Here is something you can take to the bank. If politicians don’t have a vision of healthcare reform—one they understand and can articulate—the special interests will supply the vision for them. That is what happened with Obamacare. It’s what has happened with a number of recent Republican health reform proposals. And it is what happened 13 years ago when George W. Bush and a Republican Congress decided to add a Part D prescription drug benefit to Medicare.

What brings this to mind is a scathing biography of President Bush by Edward Smith. The first sentence of his book: “Rarely in the history of the United States has the nation been so ill-served as during the presidency of George W. Bush.” The main reason? “[H]is decision to invade Iraq is easily the worst foreign policy decision ever made by an American president.”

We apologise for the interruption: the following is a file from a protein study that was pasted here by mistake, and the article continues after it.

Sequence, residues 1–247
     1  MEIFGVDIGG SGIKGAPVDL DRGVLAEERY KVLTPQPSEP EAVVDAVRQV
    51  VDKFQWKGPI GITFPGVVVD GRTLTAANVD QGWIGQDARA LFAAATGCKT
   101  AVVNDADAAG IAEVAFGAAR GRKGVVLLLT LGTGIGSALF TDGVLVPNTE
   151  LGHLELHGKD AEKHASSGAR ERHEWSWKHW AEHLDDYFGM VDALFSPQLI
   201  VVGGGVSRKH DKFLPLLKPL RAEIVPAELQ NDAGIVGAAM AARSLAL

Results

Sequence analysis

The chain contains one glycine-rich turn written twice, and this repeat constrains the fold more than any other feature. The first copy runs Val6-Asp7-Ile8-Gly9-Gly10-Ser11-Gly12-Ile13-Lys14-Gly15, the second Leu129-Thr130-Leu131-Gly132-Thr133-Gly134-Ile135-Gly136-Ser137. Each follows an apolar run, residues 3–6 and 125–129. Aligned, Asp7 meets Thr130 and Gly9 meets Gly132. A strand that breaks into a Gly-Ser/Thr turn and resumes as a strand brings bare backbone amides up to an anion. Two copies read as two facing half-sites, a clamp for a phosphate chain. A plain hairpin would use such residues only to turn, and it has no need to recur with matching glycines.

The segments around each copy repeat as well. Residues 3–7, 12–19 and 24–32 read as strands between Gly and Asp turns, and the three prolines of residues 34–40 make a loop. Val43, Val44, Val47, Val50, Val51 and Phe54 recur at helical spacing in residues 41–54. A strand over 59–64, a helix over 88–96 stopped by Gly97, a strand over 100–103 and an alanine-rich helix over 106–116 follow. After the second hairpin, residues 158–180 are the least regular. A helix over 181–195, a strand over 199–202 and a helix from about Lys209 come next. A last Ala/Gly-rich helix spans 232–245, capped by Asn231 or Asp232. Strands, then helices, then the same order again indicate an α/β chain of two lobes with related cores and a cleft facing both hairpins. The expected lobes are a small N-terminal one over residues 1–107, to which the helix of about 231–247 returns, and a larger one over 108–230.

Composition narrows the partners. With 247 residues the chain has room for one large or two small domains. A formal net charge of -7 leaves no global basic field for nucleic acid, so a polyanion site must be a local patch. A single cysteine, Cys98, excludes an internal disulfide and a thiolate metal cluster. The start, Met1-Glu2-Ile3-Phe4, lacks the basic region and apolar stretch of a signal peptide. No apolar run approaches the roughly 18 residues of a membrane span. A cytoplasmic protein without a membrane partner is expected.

Strangely missing from the indictment is Medicare. In fact, Smith actually likes what Bush did to Medicare. But that’s because he doesn’t understand health policy any better than the Bush White House understood it. In fact, what the Bush administration did to Medicare is arguably the worst domestic policy decision in history of the country.